The EEOC charged in its lawsuit that Kathleen Joyner was subjected to unwelcome sexual harassment from approximately December 2006 to March 2007 by the general manager of the Clemmons, North Carolina-based restaurant where she worked. According to the announcement, the harassment included unwelcome touching, overt sexual advances, and frequent requests for sexual favors.
The suit further asserted that Joyner complained about the harassment to her assistant managers, who failed to take appropriate action to stop the unlawful conduct. The alleged harassment occured when Joyner was 18.
The consent decree also provides for injunctive relief preventing Burger King from discriminating against any person on the basis of sex or any other protected group under Title VII, and from retaliating against anyone who complains about such discrimination. The decree also requires Burger King to post its non-discrimination, harassment and equal employment opportunity policy in its Clemmons restaurant, where the harassment occurred, as well as each of its Winston-Salem restaurants, as well as provide anti-harassment training to all managers and shift coordinators at the Clemmons restaurant and at the Winston-Salem Burger King where Joyner’s general manager was transferred.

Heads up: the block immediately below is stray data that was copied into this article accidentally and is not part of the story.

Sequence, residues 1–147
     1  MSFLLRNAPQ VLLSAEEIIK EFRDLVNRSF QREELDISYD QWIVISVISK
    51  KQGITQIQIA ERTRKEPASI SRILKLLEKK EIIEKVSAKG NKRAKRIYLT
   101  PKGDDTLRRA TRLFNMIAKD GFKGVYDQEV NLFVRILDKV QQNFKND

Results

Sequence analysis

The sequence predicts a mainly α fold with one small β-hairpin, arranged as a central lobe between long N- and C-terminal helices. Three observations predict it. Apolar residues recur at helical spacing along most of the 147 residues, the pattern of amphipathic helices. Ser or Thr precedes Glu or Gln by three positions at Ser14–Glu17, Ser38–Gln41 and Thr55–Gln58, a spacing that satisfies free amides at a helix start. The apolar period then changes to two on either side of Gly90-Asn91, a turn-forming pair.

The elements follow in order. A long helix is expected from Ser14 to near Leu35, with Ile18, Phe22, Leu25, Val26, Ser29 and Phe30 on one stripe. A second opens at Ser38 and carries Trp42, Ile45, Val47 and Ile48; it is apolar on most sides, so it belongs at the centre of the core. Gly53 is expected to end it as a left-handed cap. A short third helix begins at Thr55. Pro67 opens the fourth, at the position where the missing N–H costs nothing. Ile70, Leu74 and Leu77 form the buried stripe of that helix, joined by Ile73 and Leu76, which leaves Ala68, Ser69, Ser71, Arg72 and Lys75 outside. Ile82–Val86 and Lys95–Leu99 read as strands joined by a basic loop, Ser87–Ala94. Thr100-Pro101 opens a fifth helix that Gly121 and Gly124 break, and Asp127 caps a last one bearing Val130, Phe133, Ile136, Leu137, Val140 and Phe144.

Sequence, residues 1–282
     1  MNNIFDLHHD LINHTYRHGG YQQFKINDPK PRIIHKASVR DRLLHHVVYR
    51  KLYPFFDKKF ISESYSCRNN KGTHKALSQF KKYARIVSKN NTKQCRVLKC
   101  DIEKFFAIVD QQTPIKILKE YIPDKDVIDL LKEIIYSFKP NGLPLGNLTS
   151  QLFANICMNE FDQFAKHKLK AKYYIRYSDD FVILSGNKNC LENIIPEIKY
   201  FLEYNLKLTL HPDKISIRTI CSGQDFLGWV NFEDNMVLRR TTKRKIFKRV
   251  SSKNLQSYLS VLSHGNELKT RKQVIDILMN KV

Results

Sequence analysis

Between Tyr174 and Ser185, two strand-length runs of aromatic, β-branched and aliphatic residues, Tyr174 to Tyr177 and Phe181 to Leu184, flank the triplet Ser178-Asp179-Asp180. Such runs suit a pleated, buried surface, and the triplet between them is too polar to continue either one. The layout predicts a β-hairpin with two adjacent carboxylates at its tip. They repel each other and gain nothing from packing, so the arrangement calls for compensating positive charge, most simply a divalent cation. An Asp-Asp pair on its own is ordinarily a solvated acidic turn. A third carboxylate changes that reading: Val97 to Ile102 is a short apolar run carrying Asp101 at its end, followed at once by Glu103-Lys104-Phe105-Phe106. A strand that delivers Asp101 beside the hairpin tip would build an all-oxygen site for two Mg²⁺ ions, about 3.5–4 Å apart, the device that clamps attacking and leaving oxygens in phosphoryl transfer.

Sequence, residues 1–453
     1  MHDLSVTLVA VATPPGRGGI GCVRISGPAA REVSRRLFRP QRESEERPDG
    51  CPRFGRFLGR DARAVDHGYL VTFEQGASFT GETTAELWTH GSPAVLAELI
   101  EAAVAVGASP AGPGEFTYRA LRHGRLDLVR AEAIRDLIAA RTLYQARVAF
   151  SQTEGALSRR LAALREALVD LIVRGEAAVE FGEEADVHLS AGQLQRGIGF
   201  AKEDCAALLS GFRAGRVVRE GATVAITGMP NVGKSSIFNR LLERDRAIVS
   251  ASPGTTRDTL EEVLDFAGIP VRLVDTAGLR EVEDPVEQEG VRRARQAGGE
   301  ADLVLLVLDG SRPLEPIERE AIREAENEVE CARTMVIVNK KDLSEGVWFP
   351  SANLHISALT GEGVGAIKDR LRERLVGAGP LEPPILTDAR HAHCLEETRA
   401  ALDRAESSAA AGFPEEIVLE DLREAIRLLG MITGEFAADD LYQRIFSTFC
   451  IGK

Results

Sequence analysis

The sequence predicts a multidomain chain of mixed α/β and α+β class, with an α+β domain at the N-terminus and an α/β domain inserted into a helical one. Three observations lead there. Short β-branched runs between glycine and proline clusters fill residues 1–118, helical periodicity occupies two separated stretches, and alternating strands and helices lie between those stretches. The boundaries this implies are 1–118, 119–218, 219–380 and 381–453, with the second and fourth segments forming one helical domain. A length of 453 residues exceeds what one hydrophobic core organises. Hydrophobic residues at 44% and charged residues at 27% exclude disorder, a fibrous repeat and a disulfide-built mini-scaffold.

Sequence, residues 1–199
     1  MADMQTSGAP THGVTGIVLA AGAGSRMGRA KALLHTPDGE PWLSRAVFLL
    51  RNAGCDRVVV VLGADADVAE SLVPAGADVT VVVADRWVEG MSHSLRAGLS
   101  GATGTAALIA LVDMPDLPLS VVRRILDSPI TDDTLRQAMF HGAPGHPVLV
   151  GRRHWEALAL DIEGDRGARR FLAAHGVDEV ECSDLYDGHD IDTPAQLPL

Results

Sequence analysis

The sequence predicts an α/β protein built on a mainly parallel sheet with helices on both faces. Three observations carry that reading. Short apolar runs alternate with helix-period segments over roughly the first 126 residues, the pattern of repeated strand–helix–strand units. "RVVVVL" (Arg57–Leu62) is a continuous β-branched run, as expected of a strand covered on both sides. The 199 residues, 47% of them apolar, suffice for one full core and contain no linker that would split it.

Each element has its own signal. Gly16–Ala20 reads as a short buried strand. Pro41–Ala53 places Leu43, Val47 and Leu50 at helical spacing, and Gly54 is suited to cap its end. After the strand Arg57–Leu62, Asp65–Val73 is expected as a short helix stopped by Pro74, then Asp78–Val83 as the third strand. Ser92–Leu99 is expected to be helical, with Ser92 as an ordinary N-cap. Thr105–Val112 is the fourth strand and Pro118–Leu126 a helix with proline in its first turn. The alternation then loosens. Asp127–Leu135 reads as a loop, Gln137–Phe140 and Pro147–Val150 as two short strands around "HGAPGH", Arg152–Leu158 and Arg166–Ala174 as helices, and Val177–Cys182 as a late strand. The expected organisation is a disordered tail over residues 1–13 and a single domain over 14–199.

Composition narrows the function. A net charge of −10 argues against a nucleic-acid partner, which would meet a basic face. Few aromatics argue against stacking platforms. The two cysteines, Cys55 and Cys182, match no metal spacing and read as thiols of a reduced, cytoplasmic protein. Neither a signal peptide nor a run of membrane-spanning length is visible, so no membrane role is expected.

Burger King was also ordered to review its anti-sexual harassment policy with each new employee at those restaurants and provide the EEOC with semi-annual reports of all written and verbal sexual harassment complaints received from employees at its Clemmons restaurant.
« Vanguard Closes Door to "Safest" Investment